Gondi Culture

The Gondi or Gond or Koitur are an Indian ethnic group. They speak Gondi language which is a Dravidian language. They are one of the largest tribal groups in India. They are spread over the states of Madhya Pradesh, eastern Maharashtra Vidarbha, Chhattisgarh, Uttar Pradesh, Telangana, Andhra Pradesh, Bihar and Odisha. They are listed as a Scheduled Tribe for the purpose of India's system of positive discrimination. They are an Adivasi group (indigenous people) of India.

The Gond are also known as the Raj Gond. The term was widely used in 1950s, but has now become almost obsolete, probably because of the political eclipse of the Gond Rajas. The Gondi language is closely related to the Telugu, belonging to the Dravidian family of languages.

The 2011 Census of India recorded about 2.98 million Gondi speakers.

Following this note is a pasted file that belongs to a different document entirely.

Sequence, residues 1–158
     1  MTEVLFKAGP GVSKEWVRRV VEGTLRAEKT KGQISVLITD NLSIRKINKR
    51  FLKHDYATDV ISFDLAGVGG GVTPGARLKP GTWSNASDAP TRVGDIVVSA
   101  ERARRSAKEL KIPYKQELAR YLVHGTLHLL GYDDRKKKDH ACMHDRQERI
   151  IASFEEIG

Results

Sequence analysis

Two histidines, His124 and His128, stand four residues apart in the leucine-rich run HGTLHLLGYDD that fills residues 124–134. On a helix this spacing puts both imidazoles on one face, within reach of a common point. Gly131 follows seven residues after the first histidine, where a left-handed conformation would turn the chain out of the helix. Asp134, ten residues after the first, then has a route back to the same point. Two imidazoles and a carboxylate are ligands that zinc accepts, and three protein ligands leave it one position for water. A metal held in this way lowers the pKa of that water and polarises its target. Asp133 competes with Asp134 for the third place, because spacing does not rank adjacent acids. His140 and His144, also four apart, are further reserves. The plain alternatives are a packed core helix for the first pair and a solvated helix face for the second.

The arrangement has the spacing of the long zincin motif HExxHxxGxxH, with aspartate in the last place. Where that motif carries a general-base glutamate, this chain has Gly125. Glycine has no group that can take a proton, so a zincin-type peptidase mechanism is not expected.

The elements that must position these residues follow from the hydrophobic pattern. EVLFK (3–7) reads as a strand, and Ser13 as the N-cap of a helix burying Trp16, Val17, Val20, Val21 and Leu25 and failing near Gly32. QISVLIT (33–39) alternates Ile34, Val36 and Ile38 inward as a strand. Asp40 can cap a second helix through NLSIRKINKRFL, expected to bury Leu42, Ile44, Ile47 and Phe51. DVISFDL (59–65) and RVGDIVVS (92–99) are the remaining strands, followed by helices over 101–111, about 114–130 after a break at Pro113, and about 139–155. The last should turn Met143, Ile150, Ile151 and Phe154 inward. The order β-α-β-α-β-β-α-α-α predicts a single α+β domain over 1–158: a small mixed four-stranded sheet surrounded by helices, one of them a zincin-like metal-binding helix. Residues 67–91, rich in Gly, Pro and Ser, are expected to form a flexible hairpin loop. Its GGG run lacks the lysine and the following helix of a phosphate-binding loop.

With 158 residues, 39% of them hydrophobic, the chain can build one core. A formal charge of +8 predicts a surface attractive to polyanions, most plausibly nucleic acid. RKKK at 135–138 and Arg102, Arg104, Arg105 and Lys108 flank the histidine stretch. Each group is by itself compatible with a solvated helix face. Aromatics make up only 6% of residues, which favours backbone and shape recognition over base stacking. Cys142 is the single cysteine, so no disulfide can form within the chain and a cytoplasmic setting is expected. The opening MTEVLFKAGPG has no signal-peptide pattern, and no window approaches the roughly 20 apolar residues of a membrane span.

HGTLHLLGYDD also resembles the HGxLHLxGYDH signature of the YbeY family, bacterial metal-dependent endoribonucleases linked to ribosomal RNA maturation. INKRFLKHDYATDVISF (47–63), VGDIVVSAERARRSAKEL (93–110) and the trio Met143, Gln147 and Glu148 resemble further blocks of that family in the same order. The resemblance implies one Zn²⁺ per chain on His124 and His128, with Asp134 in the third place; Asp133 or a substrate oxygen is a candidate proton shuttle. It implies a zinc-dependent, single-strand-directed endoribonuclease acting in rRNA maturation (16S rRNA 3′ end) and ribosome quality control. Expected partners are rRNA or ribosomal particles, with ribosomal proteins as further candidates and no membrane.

According to the 1971 census, their population was 5.01 million. By the 1991 census, this had increased to 9.3 million and by the 2001 census the figure was nearly 11 million. For the past few decades they have been witnesses to the Naxalite–Maoist insurgency in the central part of India. Gondi people, at the behest of the Chhattisgarh government, formed the Salwa Judum, an armed militant group to fight the Naxalite insurgency.

Scholars believe that Gonds ruled in Gondwana, now in eastern Madhya Pradesh and western Odisha, between the 13th and 19th centuries AD. Muslim writers described a rise of Gond state after the 14th century. 
Gonds ruled in four kingdoms (Garha-Mandla, Deogarh, Chanda, and Kherla) in central India between the 16th and 18th centuries. Rani Durgavati rules the region from 1550 until her death in 1564. They built number of forts, palaces, temples, tanks and lakes during the rule of the Gonds dynasty. The Gondwana kingdom survived until the late 16th century.